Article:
PAL: Did you fly in, land and proceed through the jungle with no major problems?
JB: Yes. Of course we were expecting the worst but this particular mission was very quiet. Good for us, but bad for the nurses. This is not what we were hoping for.
PAL: Did the added urgency of this mission affect any of your usual planning or operational procedures once you were in the jungle?
JB: We definitely moved through the jungle at a faster pace because this mission was about saving lives, not taking them. We knew full well on every mission our lives were in danger but when you are trying to save the lives of innocent civilians, motivation is at a much higher level.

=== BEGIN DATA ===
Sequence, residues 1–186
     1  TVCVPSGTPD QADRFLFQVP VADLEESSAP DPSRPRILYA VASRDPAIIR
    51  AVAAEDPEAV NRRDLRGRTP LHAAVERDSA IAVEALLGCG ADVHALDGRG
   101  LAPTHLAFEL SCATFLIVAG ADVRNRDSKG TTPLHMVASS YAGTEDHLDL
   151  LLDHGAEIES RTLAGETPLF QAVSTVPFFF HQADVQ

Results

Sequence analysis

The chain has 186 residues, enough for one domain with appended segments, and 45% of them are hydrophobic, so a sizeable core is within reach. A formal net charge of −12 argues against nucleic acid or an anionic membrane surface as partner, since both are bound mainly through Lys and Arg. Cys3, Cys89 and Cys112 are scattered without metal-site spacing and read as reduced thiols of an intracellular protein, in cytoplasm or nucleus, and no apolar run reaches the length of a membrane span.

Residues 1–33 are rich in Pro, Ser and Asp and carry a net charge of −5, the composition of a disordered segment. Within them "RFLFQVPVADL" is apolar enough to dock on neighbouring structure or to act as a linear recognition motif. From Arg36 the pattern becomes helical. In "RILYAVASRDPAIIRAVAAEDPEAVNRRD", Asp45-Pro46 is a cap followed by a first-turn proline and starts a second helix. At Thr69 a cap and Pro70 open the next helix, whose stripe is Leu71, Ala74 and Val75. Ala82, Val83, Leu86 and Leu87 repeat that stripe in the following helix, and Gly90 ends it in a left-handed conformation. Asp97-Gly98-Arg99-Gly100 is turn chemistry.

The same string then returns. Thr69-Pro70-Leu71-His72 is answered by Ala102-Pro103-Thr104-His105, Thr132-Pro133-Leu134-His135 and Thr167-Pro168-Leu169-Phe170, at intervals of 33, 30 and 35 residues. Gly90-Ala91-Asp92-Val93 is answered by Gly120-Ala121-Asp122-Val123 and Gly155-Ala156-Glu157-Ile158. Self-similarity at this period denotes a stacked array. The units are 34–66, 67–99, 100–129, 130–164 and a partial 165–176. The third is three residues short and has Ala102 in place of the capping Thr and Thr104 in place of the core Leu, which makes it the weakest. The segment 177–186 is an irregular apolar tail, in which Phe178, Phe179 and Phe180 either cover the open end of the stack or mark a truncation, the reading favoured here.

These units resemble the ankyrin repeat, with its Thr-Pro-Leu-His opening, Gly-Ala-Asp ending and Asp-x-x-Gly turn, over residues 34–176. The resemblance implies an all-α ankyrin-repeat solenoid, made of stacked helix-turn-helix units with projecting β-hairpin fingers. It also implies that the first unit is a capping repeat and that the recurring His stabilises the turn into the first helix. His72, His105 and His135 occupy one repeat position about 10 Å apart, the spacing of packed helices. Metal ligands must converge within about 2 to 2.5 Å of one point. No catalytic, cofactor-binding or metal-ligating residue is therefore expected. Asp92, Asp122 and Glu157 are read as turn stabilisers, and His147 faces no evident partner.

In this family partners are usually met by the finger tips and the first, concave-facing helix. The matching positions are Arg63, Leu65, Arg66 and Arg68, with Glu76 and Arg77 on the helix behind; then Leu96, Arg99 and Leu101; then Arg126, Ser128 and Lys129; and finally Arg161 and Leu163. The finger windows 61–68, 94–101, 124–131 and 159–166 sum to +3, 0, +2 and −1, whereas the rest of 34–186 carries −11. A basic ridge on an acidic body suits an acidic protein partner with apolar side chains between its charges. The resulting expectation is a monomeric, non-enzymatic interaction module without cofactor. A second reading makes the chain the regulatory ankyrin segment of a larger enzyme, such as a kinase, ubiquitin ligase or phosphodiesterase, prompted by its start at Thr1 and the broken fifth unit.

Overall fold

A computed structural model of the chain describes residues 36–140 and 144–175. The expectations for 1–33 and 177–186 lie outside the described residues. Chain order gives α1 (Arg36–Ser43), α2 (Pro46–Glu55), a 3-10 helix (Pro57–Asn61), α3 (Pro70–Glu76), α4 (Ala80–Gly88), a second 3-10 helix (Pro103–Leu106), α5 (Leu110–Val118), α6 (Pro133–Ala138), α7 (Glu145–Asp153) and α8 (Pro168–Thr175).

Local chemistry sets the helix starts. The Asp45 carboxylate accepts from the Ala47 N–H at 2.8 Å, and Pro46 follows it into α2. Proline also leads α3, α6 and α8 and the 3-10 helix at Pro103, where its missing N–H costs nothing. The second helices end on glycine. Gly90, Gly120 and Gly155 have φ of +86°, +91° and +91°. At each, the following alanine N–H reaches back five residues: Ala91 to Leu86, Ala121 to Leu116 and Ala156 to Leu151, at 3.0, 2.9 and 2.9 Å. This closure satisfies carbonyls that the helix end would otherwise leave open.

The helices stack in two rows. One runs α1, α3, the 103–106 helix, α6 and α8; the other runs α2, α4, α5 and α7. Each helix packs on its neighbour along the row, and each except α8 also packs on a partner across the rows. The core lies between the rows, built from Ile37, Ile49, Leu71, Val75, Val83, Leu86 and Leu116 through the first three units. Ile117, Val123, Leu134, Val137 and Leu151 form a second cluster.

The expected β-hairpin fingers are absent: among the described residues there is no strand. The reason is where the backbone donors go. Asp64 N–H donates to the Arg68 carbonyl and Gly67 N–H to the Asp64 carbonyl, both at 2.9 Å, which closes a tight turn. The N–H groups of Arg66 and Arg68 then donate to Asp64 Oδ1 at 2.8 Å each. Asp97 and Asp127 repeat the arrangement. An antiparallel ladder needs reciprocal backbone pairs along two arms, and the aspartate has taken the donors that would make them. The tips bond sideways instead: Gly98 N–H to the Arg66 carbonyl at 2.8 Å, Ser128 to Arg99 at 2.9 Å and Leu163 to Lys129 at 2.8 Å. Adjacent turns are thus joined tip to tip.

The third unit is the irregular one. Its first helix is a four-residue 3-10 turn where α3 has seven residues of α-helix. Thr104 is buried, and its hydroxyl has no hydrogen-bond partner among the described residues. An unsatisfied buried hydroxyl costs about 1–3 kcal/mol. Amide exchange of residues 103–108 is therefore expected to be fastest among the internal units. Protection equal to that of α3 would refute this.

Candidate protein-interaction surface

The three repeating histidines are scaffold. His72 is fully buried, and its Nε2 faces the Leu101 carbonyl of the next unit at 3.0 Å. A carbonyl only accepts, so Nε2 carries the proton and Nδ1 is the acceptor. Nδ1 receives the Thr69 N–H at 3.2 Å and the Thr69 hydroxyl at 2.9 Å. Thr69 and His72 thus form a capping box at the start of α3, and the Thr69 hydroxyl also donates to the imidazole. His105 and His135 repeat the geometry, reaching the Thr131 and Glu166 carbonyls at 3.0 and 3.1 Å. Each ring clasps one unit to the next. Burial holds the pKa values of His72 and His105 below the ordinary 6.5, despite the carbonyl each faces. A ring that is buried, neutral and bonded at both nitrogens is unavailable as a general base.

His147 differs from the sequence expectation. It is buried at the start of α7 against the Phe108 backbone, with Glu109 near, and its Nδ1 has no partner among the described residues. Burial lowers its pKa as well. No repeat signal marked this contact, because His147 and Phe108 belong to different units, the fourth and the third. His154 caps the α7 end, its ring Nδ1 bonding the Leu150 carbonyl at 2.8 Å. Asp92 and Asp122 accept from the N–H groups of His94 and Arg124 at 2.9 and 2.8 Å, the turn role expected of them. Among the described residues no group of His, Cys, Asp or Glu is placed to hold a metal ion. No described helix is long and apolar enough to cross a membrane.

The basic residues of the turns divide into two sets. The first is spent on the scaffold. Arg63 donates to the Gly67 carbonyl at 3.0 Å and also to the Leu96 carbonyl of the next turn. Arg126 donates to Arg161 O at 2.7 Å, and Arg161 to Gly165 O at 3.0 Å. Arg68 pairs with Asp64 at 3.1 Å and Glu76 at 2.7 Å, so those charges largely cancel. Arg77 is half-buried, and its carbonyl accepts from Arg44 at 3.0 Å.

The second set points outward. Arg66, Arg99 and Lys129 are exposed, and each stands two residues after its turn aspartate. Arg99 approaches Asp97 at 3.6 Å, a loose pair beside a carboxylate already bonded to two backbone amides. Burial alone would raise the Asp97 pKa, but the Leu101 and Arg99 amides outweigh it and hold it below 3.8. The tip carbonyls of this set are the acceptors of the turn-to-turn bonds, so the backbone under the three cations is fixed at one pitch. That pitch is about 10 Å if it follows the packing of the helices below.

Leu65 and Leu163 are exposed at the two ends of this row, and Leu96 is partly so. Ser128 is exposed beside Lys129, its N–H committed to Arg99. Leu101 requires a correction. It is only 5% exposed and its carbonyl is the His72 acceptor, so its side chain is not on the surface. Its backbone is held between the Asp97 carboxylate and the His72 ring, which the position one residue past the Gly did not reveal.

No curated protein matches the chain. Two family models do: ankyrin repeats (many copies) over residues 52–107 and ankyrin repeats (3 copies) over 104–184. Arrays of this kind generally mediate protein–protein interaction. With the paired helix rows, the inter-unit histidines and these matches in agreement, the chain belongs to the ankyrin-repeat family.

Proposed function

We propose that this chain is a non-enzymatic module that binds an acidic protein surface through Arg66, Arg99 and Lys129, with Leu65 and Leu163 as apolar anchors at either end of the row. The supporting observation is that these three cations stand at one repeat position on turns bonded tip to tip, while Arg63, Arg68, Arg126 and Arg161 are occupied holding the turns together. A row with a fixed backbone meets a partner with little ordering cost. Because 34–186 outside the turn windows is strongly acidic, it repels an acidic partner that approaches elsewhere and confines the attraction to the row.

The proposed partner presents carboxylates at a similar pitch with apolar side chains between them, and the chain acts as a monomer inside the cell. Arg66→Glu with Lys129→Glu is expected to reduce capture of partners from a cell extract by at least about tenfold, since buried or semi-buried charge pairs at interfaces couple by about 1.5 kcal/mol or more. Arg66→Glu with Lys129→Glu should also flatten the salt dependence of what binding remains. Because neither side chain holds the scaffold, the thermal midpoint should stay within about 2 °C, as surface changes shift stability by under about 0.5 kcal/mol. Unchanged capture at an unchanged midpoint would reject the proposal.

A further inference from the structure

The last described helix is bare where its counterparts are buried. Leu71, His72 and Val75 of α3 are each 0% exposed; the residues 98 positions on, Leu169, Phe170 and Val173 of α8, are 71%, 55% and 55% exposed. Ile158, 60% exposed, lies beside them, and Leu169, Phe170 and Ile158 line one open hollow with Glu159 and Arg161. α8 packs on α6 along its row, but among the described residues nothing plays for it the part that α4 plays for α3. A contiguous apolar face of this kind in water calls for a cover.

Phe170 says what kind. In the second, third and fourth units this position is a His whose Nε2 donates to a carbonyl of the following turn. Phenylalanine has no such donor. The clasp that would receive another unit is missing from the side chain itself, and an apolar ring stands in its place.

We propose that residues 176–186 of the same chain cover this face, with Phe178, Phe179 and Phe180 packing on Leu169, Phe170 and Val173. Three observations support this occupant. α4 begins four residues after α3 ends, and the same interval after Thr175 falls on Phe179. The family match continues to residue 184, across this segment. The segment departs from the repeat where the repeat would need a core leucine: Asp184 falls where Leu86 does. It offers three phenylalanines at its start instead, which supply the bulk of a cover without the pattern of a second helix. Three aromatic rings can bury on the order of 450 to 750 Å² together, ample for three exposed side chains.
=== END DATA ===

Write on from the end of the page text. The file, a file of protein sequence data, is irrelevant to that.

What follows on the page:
PAL: What did you do when you came up on the camp, before you entered it?
JB: We approached the NVA compound the same way we would any enemy encampment. We realized the trail leading into the camp was well used so we felt things looked good and the camp was occupied. We got as close as possible to evaluate the situation, which was very close, and listened for about an hour. Eventually, with no noise coming from the compound and no movement on the trail, we realized the camp was empty and started looking for evidence the nurses were there. The only evidence was the fairly large cage, the right size to hold four or five people. Our indigenous personnel assured us that everything was fresh and we just missed them by a day or so.
PAL: What could you see?
JB: We saw the cage and living quarters for a small group of NVA, probably six or so. It looked like the NVA were not there for long. I’m sure they wanted to move the nurses up the Ho Chi Minh trail as quickly as possible.